Dr. Puleo

Healthy vision is one of the most critical components of a child’s overall wellness. Beginning at birth, vision develops rapidly and is directly associated with many developmental milestones, including reading and hand-eye coordination. Over time, your child’s vision will impact how they learn, play, and interact with the world around them.

While some eye problems may be easier to spot, many ocular disorders can only be detected by a qualified eye doctor during a comprehensive eye exam. The team at Bergen Optometry is experienced in pediatric eye care. Rest assured that we’ll do whatever it takes to help your child achieve the best possible vision. 

Is your child having difficulty seeing clearly?

Vision problems in children aren’t always obvious. Some symptoms may be more noticeable, such as squinting or holding reading materials very close. However, these early signs are often subtle and are therefore frequently missed.

Your child may be experiencing a vision problem if he or she does any of the following:

  • Avoids reading and other close-up activities, such as doing puzzles or coloring
  • Works more slowly or has difficulty understanding relatively easy tasks
  • Frequently complains of headaches or tiredness
  • Has a short attention span or becomes easily distracted
  • Tilts head or covers one eye when trying to focus on something
  • Has unusual sensitivity to light
  • Experiences difficulty with coordination

Common Eye Disorders in Children

Your child’s vision can be impacted by many things, including the shape of the eye, the way the brain and eyes work together, and even other seemingly unrelated medical conditions. The good news is, most pediatric ocular disorders can be identified and treated for a positive outcome.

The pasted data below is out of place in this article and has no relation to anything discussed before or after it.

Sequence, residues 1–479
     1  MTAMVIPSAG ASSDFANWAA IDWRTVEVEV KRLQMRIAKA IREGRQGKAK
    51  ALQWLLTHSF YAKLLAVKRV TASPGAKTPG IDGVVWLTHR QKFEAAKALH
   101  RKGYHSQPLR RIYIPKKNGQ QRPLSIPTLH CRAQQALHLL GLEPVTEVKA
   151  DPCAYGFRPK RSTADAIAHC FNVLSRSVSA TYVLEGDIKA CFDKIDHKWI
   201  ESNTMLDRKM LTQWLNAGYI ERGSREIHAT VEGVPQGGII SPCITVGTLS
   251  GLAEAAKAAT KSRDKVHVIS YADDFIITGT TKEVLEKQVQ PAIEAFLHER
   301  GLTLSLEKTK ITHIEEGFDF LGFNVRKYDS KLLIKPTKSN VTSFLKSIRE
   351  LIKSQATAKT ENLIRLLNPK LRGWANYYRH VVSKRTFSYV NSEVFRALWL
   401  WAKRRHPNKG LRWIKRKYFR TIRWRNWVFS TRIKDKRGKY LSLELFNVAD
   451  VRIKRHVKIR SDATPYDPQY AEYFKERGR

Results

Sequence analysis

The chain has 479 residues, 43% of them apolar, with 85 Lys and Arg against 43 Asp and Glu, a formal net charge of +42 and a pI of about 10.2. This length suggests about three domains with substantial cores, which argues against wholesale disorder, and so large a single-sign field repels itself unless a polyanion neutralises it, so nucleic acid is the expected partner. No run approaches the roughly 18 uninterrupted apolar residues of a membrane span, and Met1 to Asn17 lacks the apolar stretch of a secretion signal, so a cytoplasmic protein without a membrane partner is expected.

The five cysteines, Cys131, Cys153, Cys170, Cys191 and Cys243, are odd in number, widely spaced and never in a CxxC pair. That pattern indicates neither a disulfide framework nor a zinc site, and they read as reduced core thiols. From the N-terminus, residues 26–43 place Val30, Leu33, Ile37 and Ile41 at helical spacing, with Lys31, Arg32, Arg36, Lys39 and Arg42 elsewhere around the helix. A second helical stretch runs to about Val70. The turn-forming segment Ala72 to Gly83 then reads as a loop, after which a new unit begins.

The most common eye problems in children are caused by the shape and alignment of the eyes, including:

Strabismus (eye turn) occurs when the eyes are not properly aligned. 

Amblyopia (lazy eye) occurs when one eye has weaker vision than the other due to an underdeveloped brain connection from not wearing glasses in the most vulnerable visual period. A child’s brain can easily visually adapt up to the age of 9, therefore it is very important during this developmental stage that the brain receives CLEAR visual input. This is many times achieved by wearing the proper glasses. 

Refractive Errors can result in blurry vision due to the shape of the eyeball or lens. 

There are three types of refractive errors:

  • Myopia, or nearsightedness, which is good vision close-up but poor distance vision
  • Hyperopia, or farsightedness, is good distance vision but poor vision up close
  • Astigmatism, which is imperfect vision regardless of distance

Dr. Puleo has pediatric optometric specialties in the following:

  • Treating amblyopia 
  • Teaching children vision therapy techniques to learn how to better team their eyes for distance and for reading
  • Myopia control using atropine and multi-focal contact lenses,
  • Binocular vision, which includes treating double vision, alleviating eye strain with homework and overall near work through means of prism and reading glasses
  • Fitting contact lenses for kids

When should a child have his or her first eye exam?

Routine eye exams play an important role in your child’s well-being and ability to learn. Many parents mistakenly believe that school screenings are the same as comprehensive eye exams. Even with 20/20 vision, your child may still have problems that can only be detected by an experienced eye doctor.

Newborns typically have their eyes examined before leaving the hospital. From there, experts recommend comprehensive eye exams at the following intervals:

  • Between 6 and 12 months
  • 3 years of age
  • Every other year throughout the school years

Let’s work together to help your child reach his or her highest potential. Schedule an appointment at Bergen Optometry today.

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